Effects of lower-extremity explosive strength on youth judo athletes

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Huang R, Zhang M, Huang L, Chen Z, Mo Y, Gao Y. Effects of lower-extremity explosive strength on youth judo athletes adopting different types of power-based resistance training. Front Physiol. 2023 Mar 15;14


Objective: The present study compared the effects of two different resistance types (pneumatic resistance and free weight) of 6-week squat training on the performance for young female judo athletes in linear speed and vertical jump by utilizing the maximum power of each set of squats in each training session as the monitoring vehicle. Monitoring data were used to assess the effects and trends of the two resistance types on 70% 1RM weight-bearing during the 6-week intervention training.

Methods: In a 6 weeks squat training (2 reps/week with a constant load), 23 adolescent female judo athletes (Age span: 13–16 years, 14.58 ± 0.96) were randomly selected and then divided into the traditional barbell (FW) group (n = 12) and the pneumatic resistance (PN) (n = 11) group according to different resistance types (free weight and pneumatic resistance), with 10 in FW group and 9 in PN group actually completed the study. Before and after training, the 30-m Sprint time (T-30M), vertical jump height and relative power (countermovement jump, static-squat jump, and drop jump), reactive strength index (DJ-RSI), and maximal strength were assessed. One-Way ANOVA was used to examine the pre-test differences of groups (FW and PN). A 2-factor mixed-model analysis of variance was used to examine the independent effects of group (FW and PN) and time (pre and post) on each dependent measure. Scheffe post hoccomparisons were used to examine the differences. Pre- and post-experimental differences between the two groups were analyzed using independent samples t-tests and magnitude-based inferences (MBI) derived from their p values, and effect statistics were applied to compare the pre- and post-changes exhibited by each group to identify the potential beneficiary groups.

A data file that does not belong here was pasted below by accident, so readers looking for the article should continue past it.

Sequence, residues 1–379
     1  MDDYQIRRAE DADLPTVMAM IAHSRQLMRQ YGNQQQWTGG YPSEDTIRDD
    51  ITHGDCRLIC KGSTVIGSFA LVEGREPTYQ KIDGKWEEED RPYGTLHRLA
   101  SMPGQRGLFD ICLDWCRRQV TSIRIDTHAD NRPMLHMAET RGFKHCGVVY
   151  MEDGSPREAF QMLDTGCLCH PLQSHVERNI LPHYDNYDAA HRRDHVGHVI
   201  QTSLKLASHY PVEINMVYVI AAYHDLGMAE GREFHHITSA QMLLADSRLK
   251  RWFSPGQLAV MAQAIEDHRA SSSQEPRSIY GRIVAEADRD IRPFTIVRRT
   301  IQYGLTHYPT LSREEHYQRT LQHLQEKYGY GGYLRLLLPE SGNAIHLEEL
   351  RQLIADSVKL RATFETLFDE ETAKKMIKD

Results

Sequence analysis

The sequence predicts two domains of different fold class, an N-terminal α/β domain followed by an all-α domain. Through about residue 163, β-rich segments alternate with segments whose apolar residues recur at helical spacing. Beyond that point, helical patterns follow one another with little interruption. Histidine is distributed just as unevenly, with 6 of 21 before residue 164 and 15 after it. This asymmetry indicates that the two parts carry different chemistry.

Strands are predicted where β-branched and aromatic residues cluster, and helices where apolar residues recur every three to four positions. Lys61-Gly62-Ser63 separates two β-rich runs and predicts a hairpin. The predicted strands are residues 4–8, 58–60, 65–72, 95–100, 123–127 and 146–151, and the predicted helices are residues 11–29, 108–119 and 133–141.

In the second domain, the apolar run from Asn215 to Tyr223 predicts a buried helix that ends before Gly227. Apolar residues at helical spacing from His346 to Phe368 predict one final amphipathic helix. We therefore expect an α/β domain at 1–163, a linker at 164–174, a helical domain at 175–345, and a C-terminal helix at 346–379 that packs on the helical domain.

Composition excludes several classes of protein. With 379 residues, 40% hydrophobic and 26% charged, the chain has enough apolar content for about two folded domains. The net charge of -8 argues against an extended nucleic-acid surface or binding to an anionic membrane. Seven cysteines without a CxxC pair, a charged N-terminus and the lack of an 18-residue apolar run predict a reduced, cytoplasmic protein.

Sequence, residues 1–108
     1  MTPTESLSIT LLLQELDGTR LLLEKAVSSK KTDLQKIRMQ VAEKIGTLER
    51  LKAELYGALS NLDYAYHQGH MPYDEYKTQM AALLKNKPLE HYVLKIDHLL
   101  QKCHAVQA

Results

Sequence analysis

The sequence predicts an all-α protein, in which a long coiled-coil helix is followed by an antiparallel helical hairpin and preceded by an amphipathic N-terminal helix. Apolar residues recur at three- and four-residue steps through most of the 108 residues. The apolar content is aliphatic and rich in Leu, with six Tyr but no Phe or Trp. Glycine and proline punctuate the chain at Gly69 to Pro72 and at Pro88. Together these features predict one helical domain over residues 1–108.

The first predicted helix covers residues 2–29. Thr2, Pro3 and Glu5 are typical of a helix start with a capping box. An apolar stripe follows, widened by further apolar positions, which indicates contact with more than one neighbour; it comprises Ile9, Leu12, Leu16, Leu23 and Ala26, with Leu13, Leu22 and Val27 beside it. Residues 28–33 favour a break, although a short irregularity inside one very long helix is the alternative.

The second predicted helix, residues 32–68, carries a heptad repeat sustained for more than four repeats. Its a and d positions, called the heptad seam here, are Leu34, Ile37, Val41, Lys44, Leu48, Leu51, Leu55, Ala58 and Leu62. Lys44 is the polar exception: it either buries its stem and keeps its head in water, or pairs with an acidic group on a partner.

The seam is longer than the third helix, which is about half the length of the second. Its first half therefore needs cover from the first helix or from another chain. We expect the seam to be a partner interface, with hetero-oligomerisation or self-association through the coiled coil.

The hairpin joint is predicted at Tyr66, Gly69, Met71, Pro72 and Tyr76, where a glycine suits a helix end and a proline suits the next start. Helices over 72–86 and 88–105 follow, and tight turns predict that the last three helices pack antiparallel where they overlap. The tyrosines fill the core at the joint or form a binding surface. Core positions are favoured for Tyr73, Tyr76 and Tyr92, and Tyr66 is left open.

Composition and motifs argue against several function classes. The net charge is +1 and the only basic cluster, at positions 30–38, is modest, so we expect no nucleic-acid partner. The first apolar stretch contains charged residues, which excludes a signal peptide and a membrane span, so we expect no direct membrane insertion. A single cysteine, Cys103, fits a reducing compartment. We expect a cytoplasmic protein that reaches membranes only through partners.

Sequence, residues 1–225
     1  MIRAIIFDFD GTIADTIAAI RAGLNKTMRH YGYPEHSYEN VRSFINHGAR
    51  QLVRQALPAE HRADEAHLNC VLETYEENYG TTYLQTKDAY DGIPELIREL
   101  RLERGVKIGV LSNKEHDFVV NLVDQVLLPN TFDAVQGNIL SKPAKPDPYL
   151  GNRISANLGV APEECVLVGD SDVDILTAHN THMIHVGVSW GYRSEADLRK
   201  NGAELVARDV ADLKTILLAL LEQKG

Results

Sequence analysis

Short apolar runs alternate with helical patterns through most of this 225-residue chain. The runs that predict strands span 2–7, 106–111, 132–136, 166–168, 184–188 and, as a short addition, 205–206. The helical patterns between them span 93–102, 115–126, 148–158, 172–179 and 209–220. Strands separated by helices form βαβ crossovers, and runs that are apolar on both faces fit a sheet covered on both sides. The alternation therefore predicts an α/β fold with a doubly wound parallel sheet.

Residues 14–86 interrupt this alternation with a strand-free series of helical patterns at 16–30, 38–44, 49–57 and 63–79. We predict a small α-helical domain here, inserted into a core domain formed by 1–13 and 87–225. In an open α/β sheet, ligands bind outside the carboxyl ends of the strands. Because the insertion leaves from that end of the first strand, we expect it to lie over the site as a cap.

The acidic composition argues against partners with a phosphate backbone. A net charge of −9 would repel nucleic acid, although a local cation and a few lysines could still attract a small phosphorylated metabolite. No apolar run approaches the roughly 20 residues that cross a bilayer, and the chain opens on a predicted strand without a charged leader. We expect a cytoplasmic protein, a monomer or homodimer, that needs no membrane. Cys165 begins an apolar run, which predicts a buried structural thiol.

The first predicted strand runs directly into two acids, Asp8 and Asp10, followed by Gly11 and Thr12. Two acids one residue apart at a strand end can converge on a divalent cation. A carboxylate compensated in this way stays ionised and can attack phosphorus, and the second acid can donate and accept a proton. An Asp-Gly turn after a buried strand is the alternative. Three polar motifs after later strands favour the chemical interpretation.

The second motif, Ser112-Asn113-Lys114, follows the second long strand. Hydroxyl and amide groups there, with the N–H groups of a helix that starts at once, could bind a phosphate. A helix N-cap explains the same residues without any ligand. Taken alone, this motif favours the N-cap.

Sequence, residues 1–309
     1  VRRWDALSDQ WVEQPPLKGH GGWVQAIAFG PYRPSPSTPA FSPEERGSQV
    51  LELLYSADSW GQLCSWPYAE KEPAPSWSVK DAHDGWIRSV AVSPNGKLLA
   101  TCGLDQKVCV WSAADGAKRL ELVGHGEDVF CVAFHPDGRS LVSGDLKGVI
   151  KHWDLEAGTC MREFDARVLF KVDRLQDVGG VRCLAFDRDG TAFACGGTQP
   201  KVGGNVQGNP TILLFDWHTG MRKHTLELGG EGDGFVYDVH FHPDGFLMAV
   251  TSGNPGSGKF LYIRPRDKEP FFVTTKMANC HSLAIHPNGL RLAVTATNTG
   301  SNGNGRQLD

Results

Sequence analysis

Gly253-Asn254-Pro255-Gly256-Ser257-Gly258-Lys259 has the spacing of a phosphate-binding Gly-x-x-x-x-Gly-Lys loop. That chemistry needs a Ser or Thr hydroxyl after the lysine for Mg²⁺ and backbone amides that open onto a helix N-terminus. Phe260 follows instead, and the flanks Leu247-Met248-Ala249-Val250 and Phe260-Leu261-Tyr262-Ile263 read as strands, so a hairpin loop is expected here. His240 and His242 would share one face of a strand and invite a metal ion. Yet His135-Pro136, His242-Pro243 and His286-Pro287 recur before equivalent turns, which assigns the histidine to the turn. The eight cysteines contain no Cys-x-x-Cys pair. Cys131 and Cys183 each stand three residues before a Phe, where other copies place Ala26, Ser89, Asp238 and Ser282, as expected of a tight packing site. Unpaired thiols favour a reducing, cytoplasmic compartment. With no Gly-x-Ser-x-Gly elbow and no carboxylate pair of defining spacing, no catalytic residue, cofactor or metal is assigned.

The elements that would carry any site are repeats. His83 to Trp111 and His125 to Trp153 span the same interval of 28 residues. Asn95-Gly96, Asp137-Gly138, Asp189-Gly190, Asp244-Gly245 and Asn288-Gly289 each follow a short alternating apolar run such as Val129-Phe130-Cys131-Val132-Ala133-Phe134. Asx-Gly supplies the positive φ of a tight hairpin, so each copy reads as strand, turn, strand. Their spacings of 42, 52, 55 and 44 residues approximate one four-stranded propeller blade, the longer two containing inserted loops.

Results: The PN group outperformed the FW group in terms of maximal power output per training session (822.5 ± 55.22 vs. 927.42 ± 48.15, conventional vs. pneumatic, p < 0.001, effect size = −2.02). After 6 weeks of training, the FW group showed significant increases in vertical jump height and relative strength (CMJ, SJ, DJ), with no significant gains observed in T-30 and maximal strength. The PN group showed significant improvements in maximal strength; however, no significant improvements were observed in the other tests. In addition, there was no significant difference in DJ-RSI between the two groups before and after training.

Discussion: At 70% weight bearing, free weight resistance appears to be more conducive to vertical jump growth, while pneumatic resistance appears to be more conducive to maximal strength gains; however, the maximal strength gains from pneumatic resistance may not be well applied to athletic performance. In addition, the body adapts more quickly to pneumatic resistance than to free weight resistance.

Keywords: strength training, resistance type, pneumatic resistance, vertical jump, linear speed

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